Abdollah Pirnia, Hamid Darabi, Bahram Choubin, Ebrahim Omidvar, Charles Onyutha, Ali Torabi Haghighi, Contribution of climatic variability and human activities to stream flow changes in the Haraz River basin, northern Iran, Journal of Hydro-environment Research, Volume 25, 2019, Pages 12-24, ISSN 1570-6443, https://doi.org/10.1016/j.jher.2019.05.001
Contribution of climatic variability and human activities to stream flow changes in the Haraz River basin, northern Iran
|Author:||Pirnia, Abdollah1; Darabi, Hamid2; Choubin, Bahram1;|
1Department of Watershed Management Engineering, Sari Agriculture Science and Natural Resources University, P.O. Box, 737, Sari, Iran
2Water, Energy and Environmental Engineering Research Unit, P.O. Box 4300, FIN-90014 University of Oulu, Finland
3Department of Range and Watershed Management, Faculty of Natural Resources and Earth Sciences, University of Kashan, Iran
4Department of Civil and Building Engineering, Kyambogo University, P.O. Box 1, Kyambogo, Uganda
|Persistent link:|| http://urn.fi/urn:nbn:fi-fe2019092329263
|Publish Date:|| 2021-05-04
In northern Iran’s Haraz River basin between 1975 and 2010, hydrological sensitivity, double mass curve, and Soil and Water Assessment Tool (SWAT) methods were applied to monitoring and analysing changes in stream flow brought on by climatic variability and human activities. Applied to analyse trends in annual and seasonal runoff over this period, the sequential MK test showed a sudden change point in stream flow in 1994. The study period was, therefore, divided into two sub-periods: 1975–1994 and 1995–2010. The SWAT model showed obvious changes in water resource components between the two periods: in comparison to the period of 1975–1994, sub-watershed-scale stream flow and soil moisture decreased during 1995–2010. Changes in evapotranspiration were negligible compared to those in stream flow and soil moisture. The hydrological sensitivity method indicated that climatic variability and human activities contributed to 29.86% and 70.14%, respectively, of changes in annual stream flow, while the SWAT model placed these contributions at 34.78% and 65.21%, respectively. The double mass curve method indicated the contribution of climatic variability to stream flow changes to be 57.5% for the wet season and 22.87% for the dry season, while human activities contributed 42.5% and 77.13%, respectively. Accordingly, in the face of climatic variability, measures should be developed and implemented to mitigate its impacts and maintain eco-environmental integrity and water supplies.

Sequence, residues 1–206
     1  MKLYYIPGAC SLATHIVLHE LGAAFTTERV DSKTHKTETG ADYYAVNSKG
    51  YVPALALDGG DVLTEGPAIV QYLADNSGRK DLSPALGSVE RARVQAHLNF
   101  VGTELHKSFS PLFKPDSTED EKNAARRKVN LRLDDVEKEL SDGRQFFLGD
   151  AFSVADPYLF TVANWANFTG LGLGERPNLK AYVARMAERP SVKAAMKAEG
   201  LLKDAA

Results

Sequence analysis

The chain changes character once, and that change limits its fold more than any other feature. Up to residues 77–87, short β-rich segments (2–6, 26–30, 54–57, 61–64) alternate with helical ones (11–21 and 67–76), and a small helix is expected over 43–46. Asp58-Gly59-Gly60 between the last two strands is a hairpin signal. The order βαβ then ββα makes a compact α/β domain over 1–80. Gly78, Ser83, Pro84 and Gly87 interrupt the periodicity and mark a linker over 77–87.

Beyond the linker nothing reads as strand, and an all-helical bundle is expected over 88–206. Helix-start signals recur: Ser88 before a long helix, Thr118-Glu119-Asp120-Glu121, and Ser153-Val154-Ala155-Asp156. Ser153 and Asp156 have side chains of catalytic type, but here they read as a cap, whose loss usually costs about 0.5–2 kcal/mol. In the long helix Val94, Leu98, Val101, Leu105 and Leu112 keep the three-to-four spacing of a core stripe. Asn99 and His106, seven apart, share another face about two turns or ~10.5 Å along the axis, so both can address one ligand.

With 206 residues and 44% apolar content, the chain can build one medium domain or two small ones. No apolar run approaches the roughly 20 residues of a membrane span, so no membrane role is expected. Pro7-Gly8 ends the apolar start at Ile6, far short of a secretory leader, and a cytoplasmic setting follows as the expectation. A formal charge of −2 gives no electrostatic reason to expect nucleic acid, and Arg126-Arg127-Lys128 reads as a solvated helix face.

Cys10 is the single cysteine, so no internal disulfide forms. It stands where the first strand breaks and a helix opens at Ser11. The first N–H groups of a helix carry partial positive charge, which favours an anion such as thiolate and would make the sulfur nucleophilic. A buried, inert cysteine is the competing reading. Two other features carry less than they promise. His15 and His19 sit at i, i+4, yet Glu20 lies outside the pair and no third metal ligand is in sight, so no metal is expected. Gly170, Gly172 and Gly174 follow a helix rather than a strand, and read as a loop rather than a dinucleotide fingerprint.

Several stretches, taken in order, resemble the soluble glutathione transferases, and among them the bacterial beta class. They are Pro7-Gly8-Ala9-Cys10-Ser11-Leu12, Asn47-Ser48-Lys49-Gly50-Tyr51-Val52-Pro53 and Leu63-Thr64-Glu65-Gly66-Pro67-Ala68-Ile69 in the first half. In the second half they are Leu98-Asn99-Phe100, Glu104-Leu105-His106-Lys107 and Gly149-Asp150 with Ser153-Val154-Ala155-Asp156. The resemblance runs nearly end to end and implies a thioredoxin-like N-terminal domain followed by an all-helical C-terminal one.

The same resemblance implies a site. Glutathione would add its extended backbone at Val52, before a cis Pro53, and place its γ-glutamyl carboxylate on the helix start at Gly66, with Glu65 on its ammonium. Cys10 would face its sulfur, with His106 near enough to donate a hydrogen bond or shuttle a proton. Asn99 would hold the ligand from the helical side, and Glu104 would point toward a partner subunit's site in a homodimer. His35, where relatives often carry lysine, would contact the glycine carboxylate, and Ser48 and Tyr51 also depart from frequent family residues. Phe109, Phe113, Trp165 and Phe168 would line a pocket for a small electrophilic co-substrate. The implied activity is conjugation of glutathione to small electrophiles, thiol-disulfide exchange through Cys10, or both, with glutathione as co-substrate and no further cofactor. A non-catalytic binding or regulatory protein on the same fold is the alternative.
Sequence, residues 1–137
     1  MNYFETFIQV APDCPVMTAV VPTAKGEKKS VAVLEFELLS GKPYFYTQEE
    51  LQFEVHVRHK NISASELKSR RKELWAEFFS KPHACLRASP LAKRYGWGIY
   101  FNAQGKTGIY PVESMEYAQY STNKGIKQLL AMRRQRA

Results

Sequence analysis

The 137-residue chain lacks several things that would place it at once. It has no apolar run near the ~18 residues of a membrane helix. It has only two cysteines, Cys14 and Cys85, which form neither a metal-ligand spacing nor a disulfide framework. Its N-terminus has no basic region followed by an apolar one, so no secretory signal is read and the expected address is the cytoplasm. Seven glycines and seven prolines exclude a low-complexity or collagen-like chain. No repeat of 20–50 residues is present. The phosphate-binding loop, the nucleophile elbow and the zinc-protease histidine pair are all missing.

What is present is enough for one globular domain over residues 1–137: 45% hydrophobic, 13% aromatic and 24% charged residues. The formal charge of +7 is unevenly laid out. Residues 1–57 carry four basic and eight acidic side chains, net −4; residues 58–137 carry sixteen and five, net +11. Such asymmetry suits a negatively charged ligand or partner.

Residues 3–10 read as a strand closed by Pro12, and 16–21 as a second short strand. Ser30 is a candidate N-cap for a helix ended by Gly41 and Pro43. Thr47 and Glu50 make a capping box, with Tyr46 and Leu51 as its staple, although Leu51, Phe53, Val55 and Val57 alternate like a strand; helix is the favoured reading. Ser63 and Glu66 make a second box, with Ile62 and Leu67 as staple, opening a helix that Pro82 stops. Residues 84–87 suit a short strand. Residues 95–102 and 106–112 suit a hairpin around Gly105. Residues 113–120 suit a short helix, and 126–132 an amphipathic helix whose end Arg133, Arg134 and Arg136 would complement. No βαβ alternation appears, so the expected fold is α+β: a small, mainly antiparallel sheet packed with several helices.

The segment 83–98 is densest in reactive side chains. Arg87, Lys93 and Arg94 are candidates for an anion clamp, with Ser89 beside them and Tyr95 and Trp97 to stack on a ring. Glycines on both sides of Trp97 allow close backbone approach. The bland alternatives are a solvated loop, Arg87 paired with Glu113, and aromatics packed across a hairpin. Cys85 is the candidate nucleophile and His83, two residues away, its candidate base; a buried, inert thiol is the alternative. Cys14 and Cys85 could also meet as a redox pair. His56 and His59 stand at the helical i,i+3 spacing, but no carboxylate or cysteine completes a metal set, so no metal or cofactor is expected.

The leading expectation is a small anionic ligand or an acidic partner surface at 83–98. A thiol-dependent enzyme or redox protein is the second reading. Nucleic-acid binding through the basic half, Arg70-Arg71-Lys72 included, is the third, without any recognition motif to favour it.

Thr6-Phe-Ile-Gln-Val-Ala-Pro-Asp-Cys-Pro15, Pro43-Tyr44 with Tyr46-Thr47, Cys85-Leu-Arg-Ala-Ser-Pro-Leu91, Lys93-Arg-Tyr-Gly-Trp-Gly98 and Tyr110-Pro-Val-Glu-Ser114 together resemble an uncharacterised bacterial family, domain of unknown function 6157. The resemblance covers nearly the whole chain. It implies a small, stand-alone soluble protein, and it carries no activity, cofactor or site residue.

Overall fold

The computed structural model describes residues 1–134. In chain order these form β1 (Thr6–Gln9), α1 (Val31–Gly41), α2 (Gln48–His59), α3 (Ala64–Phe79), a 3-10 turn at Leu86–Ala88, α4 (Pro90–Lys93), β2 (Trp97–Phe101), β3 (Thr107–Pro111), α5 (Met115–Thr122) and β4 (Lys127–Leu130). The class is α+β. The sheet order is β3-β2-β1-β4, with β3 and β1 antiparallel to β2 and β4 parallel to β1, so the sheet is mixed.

Journal of hydro-environment research
|Pages:||12 - 24|
|Type of Publication:||
A1 Journal article – refereed
|Field of Science:||
The authors are grateful to the Islamic Republic of Iran Meteorological Organization (IRIMO) and the Water Resources Management Company of the Ministry of Energy, Islamic Republic of Iran for the provision of meteorological and hydrological data.
© 2019 Published by Elsevier B.V. on behalf of International Association for Hydro-environment Engineering and Research, Asia Pacific Division.